Yeah, veggie ferments do take a little getting used to. I found these carrots to be surprisingly salty — I don’t know why I wasn’t expecting that, given the tablespoon of salt in the mix! I guess they smelled so fresh and sweet, that the saltiness seemed out of place.

These fermented carrots, like most veggie ferments, have a distinctive “pickley” taste. It can be a little intense at first. I think the best way to grow a taste for them is to combine bites with other, blander tastes, like a piece of roast meat or white rice. I’m still not at the point where I enjoy just a plain bite of nothing but fermented carrots, but I’m sure I’ll get there. For now, it’s a great way to include a fermented food at lunch or dinner and help with digestion. And I feel so awesome and WAPF-y when I eat them. :)

 

Will you try these for your first veggie ferment? Or if you’re a seasoned fermented carrot eater, do you have any tips for growing a taste for these and learning to love them even more?

 Be sure to check out the other installments of 25 Days of Nourishing Traditions:

And don’t forget to enter to win your two copies of Nourishing Traditions in our giveaway!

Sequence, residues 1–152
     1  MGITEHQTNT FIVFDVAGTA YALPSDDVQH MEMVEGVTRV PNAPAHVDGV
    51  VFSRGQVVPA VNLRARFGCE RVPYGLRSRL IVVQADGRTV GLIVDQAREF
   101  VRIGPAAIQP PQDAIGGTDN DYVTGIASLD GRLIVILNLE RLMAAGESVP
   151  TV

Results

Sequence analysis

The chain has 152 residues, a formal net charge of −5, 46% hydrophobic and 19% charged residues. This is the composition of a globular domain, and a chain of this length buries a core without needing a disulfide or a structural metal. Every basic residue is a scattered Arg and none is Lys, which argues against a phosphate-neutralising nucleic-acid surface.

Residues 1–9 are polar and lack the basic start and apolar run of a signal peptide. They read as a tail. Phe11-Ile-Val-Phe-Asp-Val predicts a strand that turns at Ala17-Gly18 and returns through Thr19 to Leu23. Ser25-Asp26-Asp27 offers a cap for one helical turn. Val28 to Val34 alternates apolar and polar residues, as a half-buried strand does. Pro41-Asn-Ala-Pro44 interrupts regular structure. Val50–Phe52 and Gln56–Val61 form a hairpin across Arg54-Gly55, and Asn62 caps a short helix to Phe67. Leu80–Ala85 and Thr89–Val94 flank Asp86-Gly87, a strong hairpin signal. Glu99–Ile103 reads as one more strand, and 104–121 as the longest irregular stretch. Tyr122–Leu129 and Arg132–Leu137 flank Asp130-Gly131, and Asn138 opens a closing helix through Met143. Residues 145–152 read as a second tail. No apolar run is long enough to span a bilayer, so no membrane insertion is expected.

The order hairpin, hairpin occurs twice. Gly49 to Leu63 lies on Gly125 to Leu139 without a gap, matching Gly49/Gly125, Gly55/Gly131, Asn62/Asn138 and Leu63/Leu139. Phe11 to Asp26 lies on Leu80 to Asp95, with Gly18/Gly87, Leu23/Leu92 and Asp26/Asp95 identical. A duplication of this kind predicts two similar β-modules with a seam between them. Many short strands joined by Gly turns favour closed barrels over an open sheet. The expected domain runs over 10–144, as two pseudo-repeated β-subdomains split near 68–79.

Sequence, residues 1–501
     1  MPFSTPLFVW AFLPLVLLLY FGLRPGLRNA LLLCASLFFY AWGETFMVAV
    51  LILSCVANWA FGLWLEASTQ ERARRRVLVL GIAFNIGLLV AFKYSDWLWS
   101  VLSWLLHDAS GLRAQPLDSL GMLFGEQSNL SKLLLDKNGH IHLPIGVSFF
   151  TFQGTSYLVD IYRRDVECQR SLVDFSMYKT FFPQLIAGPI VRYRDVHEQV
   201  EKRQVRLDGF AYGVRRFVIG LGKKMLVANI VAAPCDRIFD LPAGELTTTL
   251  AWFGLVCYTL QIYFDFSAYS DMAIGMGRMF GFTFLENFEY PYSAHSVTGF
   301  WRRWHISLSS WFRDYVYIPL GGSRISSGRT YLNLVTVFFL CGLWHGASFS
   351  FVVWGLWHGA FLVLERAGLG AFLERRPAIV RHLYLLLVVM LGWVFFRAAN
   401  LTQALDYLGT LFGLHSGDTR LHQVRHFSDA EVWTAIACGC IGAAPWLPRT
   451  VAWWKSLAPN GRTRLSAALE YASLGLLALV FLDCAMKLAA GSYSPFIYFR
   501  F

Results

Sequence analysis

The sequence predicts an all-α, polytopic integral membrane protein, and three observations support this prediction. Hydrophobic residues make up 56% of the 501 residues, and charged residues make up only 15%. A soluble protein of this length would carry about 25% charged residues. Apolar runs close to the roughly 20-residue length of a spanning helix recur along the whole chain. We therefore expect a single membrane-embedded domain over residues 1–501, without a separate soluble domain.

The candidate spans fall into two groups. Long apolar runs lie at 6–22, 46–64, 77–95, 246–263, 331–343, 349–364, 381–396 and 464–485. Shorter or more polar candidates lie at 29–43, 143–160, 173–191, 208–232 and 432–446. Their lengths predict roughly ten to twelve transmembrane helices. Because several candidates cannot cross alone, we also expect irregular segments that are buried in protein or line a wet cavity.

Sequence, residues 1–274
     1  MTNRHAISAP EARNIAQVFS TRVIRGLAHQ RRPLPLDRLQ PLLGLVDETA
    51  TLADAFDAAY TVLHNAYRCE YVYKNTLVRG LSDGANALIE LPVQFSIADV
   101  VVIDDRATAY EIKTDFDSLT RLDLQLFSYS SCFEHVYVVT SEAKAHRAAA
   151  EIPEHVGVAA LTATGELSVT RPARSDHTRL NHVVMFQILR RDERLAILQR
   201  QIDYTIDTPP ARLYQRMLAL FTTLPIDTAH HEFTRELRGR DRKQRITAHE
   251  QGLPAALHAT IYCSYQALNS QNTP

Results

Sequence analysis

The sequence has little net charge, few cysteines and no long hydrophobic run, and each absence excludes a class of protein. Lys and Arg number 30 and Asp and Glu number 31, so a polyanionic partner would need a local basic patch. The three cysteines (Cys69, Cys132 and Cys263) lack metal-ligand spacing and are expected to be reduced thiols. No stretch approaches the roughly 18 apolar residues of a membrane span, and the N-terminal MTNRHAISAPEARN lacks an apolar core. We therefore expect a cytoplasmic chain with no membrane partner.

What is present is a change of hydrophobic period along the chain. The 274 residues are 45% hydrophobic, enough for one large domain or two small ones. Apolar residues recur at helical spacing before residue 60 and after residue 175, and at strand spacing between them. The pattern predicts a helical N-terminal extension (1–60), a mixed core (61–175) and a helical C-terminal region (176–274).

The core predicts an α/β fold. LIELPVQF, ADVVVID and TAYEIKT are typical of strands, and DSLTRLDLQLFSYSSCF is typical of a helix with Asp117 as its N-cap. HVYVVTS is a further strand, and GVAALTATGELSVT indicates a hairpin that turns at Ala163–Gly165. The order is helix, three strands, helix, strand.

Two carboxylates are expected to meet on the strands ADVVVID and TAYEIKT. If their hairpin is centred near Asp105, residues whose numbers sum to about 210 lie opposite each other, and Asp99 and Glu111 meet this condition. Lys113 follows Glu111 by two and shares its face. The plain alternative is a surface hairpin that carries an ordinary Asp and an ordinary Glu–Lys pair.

{This post is linked to Fight Back Friday at Food Renegade!}


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10 Responses to 25 Days of Nourishing Traditions: Ginger Carrots
  1. CateK says:

    This is the first one I tried as well. We definitely did not like the ginger. It overwhelmed the carrots. The next time I made it, I left out the ginger. I use these as an added ingredient to chicken salad, tuna salad, on top of salad, on sandwiches (instead of pickles). I’ve also stirred it into soups, but wonder if I’m losing the good pro-biotics to heat by doing this. I’ve also made straight ginger fermented. It lasts FOREVER this way and is a good addition to middle eastern dishes. I have a friend who likes to add the fermented ginger juice to beer. I’m not there yet.

  2. jan says:

    I recently made my 1st fermented veggie and it was sauerkraut. I really like it. Oops, no I did pickles quite awhile ago. My hubby won’t touch any of this weird stuff and calls me a mad scientist. He is shocked that I drink kombucha and kefir, too.

    Is there anyway to make baby carrots whole with this recipe? I think I’d rather have something like that.

  3. [...] suggests serving with lacto-fermented Ginger Carrots (NT page 95), pineapple chutney (NT page 106), or simple lemon wedges. Well, PH and I were so [...]

  4. Sarah Ellzey says:

    I’m getting ready to cook through NT, and I’m really enjoying your series! (I just came in and I’m reading through backwards.) I love that term, WAPF-y! :)

  5. [...] these to scrape out every last bit of your homemade goods in all those mason jars we use. Like veggie ferments, yogurt, or extra thick [...]

  6. [...] like the Ginger Carrots recipe from Nourishing Traditions quite a bit. It was weird for me at first, but now that I’m [...]